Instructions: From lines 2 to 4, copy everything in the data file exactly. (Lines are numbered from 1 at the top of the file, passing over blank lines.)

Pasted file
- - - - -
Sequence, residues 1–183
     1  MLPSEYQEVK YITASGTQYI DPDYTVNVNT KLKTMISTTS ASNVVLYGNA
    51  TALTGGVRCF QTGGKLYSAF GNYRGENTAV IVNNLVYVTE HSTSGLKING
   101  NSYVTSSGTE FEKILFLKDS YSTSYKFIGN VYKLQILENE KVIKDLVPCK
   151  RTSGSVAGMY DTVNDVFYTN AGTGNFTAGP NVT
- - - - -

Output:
     1  MLPSEYQEVK YITASGTQYI DPDYTVNVNT KLKTMISTTS ASNVVLYGNA
    51  TALTGGVRCF QTGGKLYSAF GNYRGENTAV IVNNLVYVTE HSTSGLKING
   101  NSYVTSSGTE FEKILFLKDS YSTSYKFIGN VYKLQILENE KVIKDLVPCK